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by Dan Garro 12 months ago in happiness
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and the mistakes we make...

We all want to live a good life; we want to do well and find fulfillment. The problem, however, is that we often don’t know what a good life is or what it looks like, let alone how to evaluate our own life and progress. Even if we do have an idea of what might make our life good, of what counts as a good life, it is easy to find ourselves doubting whether our own conception is right or whether it is right for us.

We tend to look outside and compare ourselves to others in an attempt to establish whether we are doing well, whether we are succeeding. As Martha Beck points out, “we tend to measure our own well-being not by how we feel, but how our lives compare to others.”

we tend to measure our own well-being not by how we feel, but by how our lives compare to others.

Martha Beck

When we look outward to evaluate our own well-being, we tend to focus on superficial factors. We don’t know nor can we know everything about the other person. We often don’t know what they went through to get to where they are, we don’t know if they are happy, and we certainly don’t have access to their inner lives.

Instead, we make comparisons based on things like wealth, fame, and success. We then fill in the rest, we imagine the other person’s life using only the most basic information.

We see someone with a lot of money, for instance, and we imagine that their life must be wonderful, fulfilling, and satisfying. The problem, however, is that it is possible to have a lot of money, to be famous, or to be successful and yet still be unfulfilled and unhappy.

It seems that lacking a clear idea of what a good life is or what it means to do well, we compare ourselves to others in an attempt to validate our lives, our decisions, and perhaps even attempt to confirm that we are winning. We feel better knowing we have more than others because we convince ourselves it demonstrates success. Such comparisons are doomed to fail, however, because we can always find someone in the world who has more.

When we compare ourselves to others, we distract ourselves from what really matters, from whether we are doing well and are the person we want to be. We need to ask ourselves: What makes a good person? What values and/or principles are important? What makes life meaningful and joyful? We need to reflect on and try to establish some notion of what, for us, is a good life.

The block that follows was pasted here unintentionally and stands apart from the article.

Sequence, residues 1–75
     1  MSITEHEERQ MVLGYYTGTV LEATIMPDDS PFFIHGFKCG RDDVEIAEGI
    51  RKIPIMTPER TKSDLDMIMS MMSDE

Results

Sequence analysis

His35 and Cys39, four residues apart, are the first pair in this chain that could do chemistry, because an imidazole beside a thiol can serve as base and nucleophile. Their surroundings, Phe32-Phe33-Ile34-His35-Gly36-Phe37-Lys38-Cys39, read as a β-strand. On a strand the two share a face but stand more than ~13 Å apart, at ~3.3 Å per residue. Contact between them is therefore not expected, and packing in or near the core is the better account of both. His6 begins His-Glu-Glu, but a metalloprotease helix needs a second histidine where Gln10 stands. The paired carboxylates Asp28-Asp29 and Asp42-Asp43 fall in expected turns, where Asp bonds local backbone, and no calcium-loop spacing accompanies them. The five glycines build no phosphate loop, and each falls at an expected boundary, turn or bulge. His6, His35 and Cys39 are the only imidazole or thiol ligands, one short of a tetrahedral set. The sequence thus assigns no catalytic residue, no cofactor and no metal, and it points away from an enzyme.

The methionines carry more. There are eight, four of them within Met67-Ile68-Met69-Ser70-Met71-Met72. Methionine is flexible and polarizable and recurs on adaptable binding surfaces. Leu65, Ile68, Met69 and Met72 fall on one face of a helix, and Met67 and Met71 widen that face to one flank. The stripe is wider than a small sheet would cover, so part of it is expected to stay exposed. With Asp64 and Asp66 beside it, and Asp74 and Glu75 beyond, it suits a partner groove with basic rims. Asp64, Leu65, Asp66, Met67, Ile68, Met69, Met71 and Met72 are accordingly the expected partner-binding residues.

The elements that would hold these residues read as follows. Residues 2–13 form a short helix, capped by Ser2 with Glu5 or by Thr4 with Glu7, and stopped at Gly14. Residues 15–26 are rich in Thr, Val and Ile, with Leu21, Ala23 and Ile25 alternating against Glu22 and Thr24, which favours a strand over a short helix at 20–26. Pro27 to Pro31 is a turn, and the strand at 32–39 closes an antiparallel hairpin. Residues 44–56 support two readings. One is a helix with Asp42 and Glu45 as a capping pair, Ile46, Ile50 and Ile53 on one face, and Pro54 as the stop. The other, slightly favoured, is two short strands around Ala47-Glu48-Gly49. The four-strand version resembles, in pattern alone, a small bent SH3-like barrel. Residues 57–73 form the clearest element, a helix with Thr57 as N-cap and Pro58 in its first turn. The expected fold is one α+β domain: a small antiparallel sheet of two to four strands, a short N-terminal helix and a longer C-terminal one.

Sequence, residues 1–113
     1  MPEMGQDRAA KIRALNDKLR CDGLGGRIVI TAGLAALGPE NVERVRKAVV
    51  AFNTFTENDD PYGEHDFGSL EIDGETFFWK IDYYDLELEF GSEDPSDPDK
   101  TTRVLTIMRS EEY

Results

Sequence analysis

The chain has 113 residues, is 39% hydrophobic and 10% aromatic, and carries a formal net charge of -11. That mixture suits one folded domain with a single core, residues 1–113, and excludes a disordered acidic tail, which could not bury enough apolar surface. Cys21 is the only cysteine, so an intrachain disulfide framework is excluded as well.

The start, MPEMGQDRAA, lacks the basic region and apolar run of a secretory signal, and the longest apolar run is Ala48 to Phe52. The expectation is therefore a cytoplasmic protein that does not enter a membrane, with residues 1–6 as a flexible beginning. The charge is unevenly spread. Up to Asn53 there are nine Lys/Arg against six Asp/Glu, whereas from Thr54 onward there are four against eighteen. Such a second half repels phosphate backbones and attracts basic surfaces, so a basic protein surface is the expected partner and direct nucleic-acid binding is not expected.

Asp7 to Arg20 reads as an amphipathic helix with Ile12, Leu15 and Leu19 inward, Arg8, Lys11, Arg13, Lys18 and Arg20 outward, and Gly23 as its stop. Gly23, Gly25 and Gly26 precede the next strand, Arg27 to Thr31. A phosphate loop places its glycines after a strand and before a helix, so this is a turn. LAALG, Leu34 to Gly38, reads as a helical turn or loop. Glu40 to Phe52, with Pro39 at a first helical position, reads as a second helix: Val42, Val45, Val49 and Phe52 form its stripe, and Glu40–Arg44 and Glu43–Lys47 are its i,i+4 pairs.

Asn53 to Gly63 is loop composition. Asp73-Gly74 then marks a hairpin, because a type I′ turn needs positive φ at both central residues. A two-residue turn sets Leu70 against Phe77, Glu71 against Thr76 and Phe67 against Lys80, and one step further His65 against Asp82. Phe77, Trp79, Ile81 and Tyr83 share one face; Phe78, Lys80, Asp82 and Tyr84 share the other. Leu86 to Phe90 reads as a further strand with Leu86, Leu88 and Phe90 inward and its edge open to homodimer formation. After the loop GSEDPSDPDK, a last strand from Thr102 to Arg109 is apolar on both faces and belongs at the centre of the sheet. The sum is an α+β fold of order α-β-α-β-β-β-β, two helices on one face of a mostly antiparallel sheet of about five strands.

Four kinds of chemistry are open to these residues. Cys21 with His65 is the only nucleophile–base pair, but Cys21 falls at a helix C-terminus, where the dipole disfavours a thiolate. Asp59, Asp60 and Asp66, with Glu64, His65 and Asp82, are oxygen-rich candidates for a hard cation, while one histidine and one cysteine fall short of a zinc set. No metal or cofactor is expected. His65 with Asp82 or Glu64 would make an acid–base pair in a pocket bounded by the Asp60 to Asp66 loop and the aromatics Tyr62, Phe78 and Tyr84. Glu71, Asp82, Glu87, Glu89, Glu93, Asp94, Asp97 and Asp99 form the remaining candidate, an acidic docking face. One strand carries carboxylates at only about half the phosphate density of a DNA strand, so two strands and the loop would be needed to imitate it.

Apples to Apples

When we compare ourselves to others, we compare two things that are, at best, only similar in superficial ways. If we really want to measure our own well-being, we should focus on self-comparisons.

Ask yourself: How do I compare to myself from five years ago? What about myself ten years ago? Am I closer to the life I want to live now? Am I living in a way that is right for me? Am I a better person?

When we measure ourselves against who we were in the past, we can focus on important factors when making our assessment. We can consider our principles, our character development, our self-realization, our relationships, and more. We can measure our actual growth and evaluate our actual progress. This allows us to identify areas that need improvement and get a sense of the gains we’ve made.

Comparing ourselves to others leads to self-doubt and dissatisfaction. To compare yourself to someone else is to compare apples and something totally different. Such comparisons are usually superficial and uninformed.

Measuring our own progress and well-being over time gives us a much better assessment. It allows us to take stock of our development, to consider factors that matter to us, and to reflect on our lives and what makes them good or what, for us, counts as success. Looking at our own lives over time we can consider things like how we feel, our character development, our relationships, and much more. More importantly, when we make self-comparisons, we are able to make informed, thoughtful judgments that actually tell us something useful.

Thanks for reading!

Please check out my author page for more.


About the author

Dan Garro

Philosopher/Educator/Writer/Podcast Host & Producer

I'm a philosophy professor, avid reader, I love writing, and I co-host/produce The Existential Stoic Podcast.

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